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Sunday, 11 July 2010

Tech Zone Techniques - Part 2

Following on from Part 1, I'm continuing to try to get my electronics moving in the right direction.

Step 5: Upload Firmware (or more accurately, installing the Arduino/Sanguino software on my PC)
According to the HowTo page, the boards come with the Makerbot firmware installed. This means that a boot-loader doesn't have to be installed, but the firmware must be updated. This is a new area for me. I am a software developer by trade, but for Windows, not embedded so haven't had to do this before.

I found the Microcontroller firmware installation page on the wiki, so started by following those steps and installed:
  1. the Arduino software (release 0018);
    • Download the zip;
    • Extract and move to your desired location;
    • Create shortcut (if you want) - I'm waiting till I figure out how to run it.
  2. followed by Zach's Sanguino extensions.
    • Download the zip;
    • Extract and move the Sanguino folder into the Arduino/hardware folder.
Before actually programming the boards, you also need to download the latest stable release of the firmware. This is located in the reprap-mendel-yyyymmdd.zip that is installed when installing the Reprap Host software. Guess that means a quick side track. Don't go away.

Step 6: Install Reprap Host Software
Following the instructions on the 'installing the Reprap Host software' wiki page, I did the following (bear in mind that I am starting with a relatively fresh XP installation on the machine I am using for this):
  1. Installed Java 6 from http://java.com/
  2. Installed the RepRap Host software from sourceforge (reprap-mendel-20100702.zip)
    • Quite easy really, unpack the zip to a suitable location and run the reprap.bat to run the software.
    • As I decided not to install in Program Files, I had to edit the batch file. The instructions don't mention this, even though they word it as if installing in Program Files is optional. (I might go edit the wiki if I can figure out how).
  3. Check out which other Useful Software Packages you need.
Note, there are alternate host applications, two keys ones appear to be the Skeinforge/ReplicatorG duo and RepSnapper. I will be trying these in the future to see which suits me best.

Ok, that means I now have the firmware needed to continue with setting up the electronics.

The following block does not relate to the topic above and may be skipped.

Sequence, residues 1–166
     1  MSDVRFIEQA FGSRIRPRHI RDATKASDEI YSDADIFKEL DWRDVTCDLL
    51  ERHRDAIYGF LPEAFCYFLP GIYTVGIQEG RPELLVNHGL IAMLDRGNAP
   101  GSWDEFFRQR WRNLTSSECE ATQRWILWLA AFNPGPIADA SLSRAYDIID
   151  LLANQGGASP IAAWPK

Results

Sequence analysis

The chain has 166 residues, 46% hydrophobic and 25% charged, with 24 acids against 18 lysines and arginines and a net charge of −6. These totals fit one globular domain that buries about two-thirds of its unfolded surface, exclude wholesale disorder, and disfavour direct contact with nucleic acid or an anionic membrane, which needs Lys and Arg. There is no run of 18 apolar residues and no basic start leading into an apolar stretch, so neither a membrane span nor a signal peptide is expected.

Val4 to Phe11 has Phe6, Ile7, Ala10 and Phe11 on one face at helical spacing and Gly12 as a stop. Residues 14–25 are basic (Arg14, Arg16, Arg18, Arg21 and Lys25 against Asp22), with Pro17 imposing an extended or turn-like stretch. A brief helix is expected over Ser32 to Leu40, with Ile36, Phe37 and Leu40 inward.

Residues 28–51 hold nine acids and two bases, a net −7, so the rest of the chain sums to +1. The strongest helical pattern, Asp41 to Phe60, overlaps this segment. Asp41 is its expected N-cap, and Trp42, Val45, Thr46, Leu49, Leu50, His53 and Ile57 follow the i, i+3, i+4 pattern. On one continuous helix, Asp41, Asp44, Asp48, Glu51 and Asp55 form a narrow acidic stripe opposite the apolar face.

Step 7: Wiring wonders & woes
This forum post by rhmorrison refers to faulty soldering almost blowing his electronics, but more importantly, he describes that moving the stepper motors before powering the electronics will like up the corresponding LED (kind of like the electric motor light bulb generator we all made as kids).

Because of this I decided to do the inter board wiring before hooking up any power to the boards. There seems to be no one clear description and image of this all working. I referenced the following:
  1. Nudel's ground pin image. (Shows the stepper to main board connections).
  2. The Tech Zone Official Electronics Installation Page. (Shows the extruder controller to main board connections)
  3. The Tech Zone HowTo page.
For what it's worth my LED's all lit up when tested by moving the stepper back and forth.

TechZone - all wired up

For what's it worth, I will be changing the I2C wiring (one of the 2 wire connectors between the main board and extruder controller) to include a ground wire following Mdbaughman2's experiences.

Step 8: Getting connected
The Ho
wTo page says if you have 2 pins next to the serial connector you can put a jumper on them for the board to be powered from the USB connection. (In the recent versions of Techzone remix electronics sets sold from Ebay - May 2010).

On my board, there is what would appear to be two pins that have been permanently shorted/bridged, there are also no connectors for external power, so I figured the board is permanently configured to be USB powered (don't know what this means for using the SD card slot then). Anyway, I figured the best was to give it a go.

Having kept the Arduino Getting Started w/ Arduino on Windows page open since installing the software, I followed the steps on there. Basically the following:
  1. Plug in the USB connector to your PC;
  2. When prompted for drivers point to your Arduino/drivers folder (or check the FTDI site for newer ones);
  3. Open the Arduino application, and revert to the Microcontroller firmware installation instructions (see next step).
Step 9: Loading the firmware (eventually)
I could eventually continue following the steps under the Programming the Motherboard heading on the Microcontroller firmware installation page.

I followed these steps (any folder locations refer to sub-folders off Reprap\mendel\firmware\FiveD_GCode):
  1. Copied configuration.h.dist to configuration.h in the FiveD_GCode_Interpreter and Extruder folders
  2. Load the FiveD_GCode_Interpreter/FiveD_GCode_Interpreter.pde sketchbook
  3. Modified the configuration.h tab to match my setup (guessed most of it as I don't know what applies yet - it seems to be pretty much setup for the v3 electronics which the TechZone stuff is - For the hardware, I left it as standard for now, but will need to change when I figure out the steps, etc on the ScrapStrap) and saved.
  4. Selected the Tools->Board->Sanguino board and then Sketch->Verify/Compile
  5. My board was still connected to the PC from Step 8. (if your's isn't, reconnect now).
  6. Selected Upload to I/O Board and ... It fails!!
Binary sketch size: 22514 bytes (of a 63488 byte maximum)
avrdude: stk500_getsync(): not in sync: resp=0x00
avrdude: stk500_disable(): protocol error, expect=0x14, resp=0x51

More in Part 3...

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